US 2nd Quarter GDP – What did we Learn From Today’s Reading?

GDP: -0.9

Following a negative GDP reading in the first quarter, a strong but inflation-impacted economy expanded in the second quarter on a nominal basis, but contracted in real inflation-adjusted terms. 

BEA reported “Real gross domestic product decreased at an annual rate of 0.9 percent in the second quarter of 2022, following a decrease of 1.6 percent in the first quarter. The smaller decrease in the second quarter primarily reflected an upturn in exports and a smaller decrease in federal government spending.”

Despite a strong labor market and consumer spending during the first half of the year, this is the second consecutive quarter of real (Inflation-adjusted) economic contraction. Nominal GDP is plus 7.8% annualized, but that is due mostly to the post-pandemic surge in prices.

What does this mean for investors?

Recessions matter to investors because they greatly reduce employment, cut consumer spending, lower corporate revenues, and ultimately drag earnings down.

On top of that is the sentiment impact, which affects equity multiples. Lower earnings and lower multiples wreak havoc on investor portfolios.

There are essentially two kinds of bear markets: (1) Recessionary and (2) Non-Recessionary. The non-recessionary bear markets fall ~25% on average, while the recessionary bear markets get hit much harder at 39%.

*Note these are averages, and they have a broad dispersion 20% to 33% for the typical bear markets to a much deeper range during recessions of 20% to 86%.

The bad news is we are stuck with debating the meaning of 2 consecutive quarters of negative GDP as a Recession for three more months. The good news is this lowers expectations for the FOMC going 75 basis points in September. Market reaction was almost non-existent, suggesting a slowdown or even a mild recession is already priced in.

GDP Items and Key Points

The data below is provided by Rick Davis at the Consumer Metrics Institute.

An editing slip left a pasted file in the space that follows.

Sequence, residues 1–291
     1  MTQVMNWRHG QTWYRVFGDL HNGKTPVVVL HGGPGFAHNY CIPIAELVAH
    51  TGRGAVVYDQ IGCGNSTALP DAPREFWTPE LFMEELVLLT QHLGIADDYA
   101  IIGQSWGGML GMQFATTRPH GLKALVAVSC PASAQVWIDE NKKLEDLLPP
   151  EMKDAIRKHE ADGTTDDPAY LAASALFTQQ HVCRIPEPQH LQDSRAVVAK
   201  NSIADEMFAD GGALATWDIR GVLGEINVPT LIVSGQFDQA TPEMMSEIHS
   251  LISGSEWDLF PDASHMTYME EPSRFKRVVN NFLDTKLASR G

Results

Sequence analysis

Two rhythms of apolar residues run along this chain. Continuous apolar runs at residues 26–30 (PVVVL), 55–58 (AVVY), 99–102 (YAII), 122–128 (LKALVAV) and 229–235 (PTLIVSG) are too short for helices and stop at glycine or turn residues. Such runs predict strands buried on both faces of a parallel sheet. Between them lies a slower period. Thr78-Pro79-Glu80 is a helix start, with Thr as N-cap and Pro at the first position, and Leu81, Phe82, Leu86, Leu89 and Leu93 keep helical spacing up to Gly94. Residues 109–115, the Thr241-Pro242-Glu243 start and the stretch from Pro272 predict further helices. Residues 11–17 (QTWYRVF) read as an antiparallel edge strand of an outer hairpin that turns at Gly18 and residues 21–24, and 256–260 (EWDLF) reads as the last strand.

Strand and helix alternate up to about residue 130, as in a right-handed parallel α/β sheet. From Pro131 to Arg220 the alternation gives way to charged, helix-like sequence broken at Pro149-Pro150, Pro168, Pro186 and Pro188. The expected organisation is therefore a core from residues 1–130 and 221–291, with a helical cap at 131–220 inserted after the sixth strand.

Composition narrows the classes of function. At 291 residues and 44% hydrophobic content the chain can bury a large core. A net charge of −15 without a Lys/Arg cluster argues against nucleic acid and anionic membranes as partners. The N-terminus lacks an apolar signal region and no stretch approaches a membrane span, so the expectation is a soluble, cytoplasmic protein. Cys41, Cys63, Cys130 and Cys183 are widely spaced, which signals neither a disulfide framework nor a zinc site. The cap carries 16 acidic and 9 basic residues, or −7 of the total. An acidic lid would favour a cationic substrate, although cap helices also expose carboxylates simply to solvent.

GDP Items 

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  • Consumer spending for goods was reported to be contracting at a -1.08% rate, down 1.01 percentage points (pp) from the prior quarter. 
  • The headline contribution for commercial/private fixed investments was reported to be -0.72%, down a material 2.00 pp from the prior quarter. 
  • Inventories subtracted -2.01 pp from the headline number, down 1.66 pp from the prior quarter. It is important to remember that the BEA’s inventory numbers are exceptionally noisy (and susceptible to significant distortions/anomalies caused by commodity pricing or currency swings) while ultimately representing a zero reverting (and long term essentially zero sum) series. 
  • The contribution to the headline from governmental spending was reported to be -0.33%, up 0.18 pp from the prior quarter.
  • Imports subtracted -0.49% annualized ‘growth’ from the headline number, up 2.20 pp from the prior quarter. 
  • Foreign trade contributed a net 1.43 pp to the headline number. 
  • Real per-capita annualized disposable income was reported to have decreased by $79 quarter to quarter. 
  • The annualized household savings rate was 5.2% (down 0.4pp from the prior quarter). In the 56 quarters since 2Q-2008 the cumulative annualized growth rate for real per-capita disposable income has been 1.15%. 

Key Points 

  • For this estimate the BEA assumed an effective annualized deflator of 8.86%. During the same quarter the inflation recorded by the Bureau of Labor Statistics (BLS) in their CPI-U index was higher at 11.02%. Under estimating inflation results in optimistic growth rates, and if the BEA’s nominal data was deflated using CPI-U inflation the headline growth number would have been -3.18%. 
  • Consumer spending on goods moved deeper into contraction, with the growth rate for all consumer spending declining by about a half percent. 
  • Commercial spending on fixed investment also began to contract, primary due to weakening residential construction. 
  • Real household income and savings rates continued to shrink. The consumer is in no position to quickly reverse the course of the headline number. 

Changing Definition?

Janet Yellen’s Response

Treasury Secretary Janet Yellen on Thursday suggested the U.S. economy is not in a recession, despite new figures that showed two consecutive declines in gross domestic product.

Most economists define a true recession as involving a “broad-based weakening of the economy” including substantial job losses, business closures and a decline in private sector activities, Yellen said during a press conference in Washington, D.C.

“That is not what we’re seeing right now,” she said.

Yellen on Thursday reiterated that inflation remains too high and that bringing it down is a top priority for President Biden. She suggested that prices are “likely to come down in the days ahead.” Reducing inflation could cause the unemployment to tick higher, but she maintained the labor market will remain strong.

“This is a very unusual situation where we have a slowdown, but the labor market remains very tight,” Yellen said. “We could see some mild easing of pressures in the labor market yet continue to feel we’ve got a good strong labor market that’s operating in full employment.”

There Was No Definition Change

Sorry, there was no definition change. Countless people on Twitter made the same baseless claim. 

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